that could automatically identify pictures that might enhance the LAFD’s situational awareness about events, such as pictures that show fire or smoke.
Humphrey concluded his remarks by identifying several important lessons from the LAFD’s experience with social media:
• A partnership with information technology (IT) staff in the emergency management organization is important in part so that IT staff understand how emergency professionals are using the computers and network.
• Appropriate management of and collaboration with traditional and new media are critical components of each phase of a given disaster. There is often a gap between response (usually an acute situation) and recovery (a more ongoing process). Social media can smooth the gaps in the cycle by providing two-way communication between the affected population and both first responders and emergency personnel.
• Messages disseminated using social media need to be clear, concise, and, most important, actionable.
• The more one is willing to empower people and engage them, the more information the public is willing to provide.
• Understanding how people communicate with social media is important. People often do not simply state “help,” “fire,” or “explosion” but instead use such exclaimers as “OMG!” (oh my god!) or other slang. When one has three or more people within a 20-mile radius saying “OMG,” this can be a signal to look more closely at what might be happening in the area.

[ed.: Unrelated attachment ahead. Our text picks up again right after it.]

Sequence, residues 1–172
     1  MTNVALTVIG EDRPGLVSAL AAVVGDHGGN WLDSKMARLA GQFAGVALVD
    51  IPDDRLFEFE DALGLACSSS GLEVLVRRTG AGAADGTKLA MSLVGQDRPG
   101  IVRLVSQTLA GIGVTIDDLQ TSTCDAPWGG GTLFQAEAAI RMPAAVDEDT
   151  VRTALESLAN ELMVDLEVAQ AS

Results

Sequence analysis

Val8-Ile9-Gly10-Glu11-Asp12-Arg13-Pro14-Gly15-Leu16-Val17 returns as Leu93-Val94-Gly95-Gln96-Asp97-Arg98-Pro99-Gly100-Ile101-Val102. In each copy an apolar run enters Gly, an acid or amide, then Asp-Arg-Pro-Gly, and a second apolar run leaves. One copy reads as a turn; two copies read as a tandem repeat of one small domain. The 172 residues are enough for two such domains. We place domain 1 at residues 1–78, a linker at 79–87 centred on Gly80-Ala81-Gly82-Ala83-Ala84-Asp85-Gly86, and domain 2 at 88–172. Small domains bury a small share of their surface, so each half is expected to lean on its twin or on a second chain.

• Different phrasing suggests quite different meaning, as the following examples regarding a fictional shooting illustrate:
—I heard there was a shooting at 5th and Elm St.
—I heard there is a shooting at 5th and Elm St.
—I heard about a shooting at 5th and Elm St.
—I heard shots fired at 5th and Elm St.
—I saw a shooting at 5th and Elm St.
—I just saw a person get shot at 5th and Elm St.
Brad Panovich began by describing the multi-tiered warning process he uses to inform the public when potentially severe weather is forecast. The first step is a blog post several days in advance to increase public awareness. As severe weather approaches, Panovich begins issuing alerts or warnings via Twitter and Facebook. Many of the alerts and warnings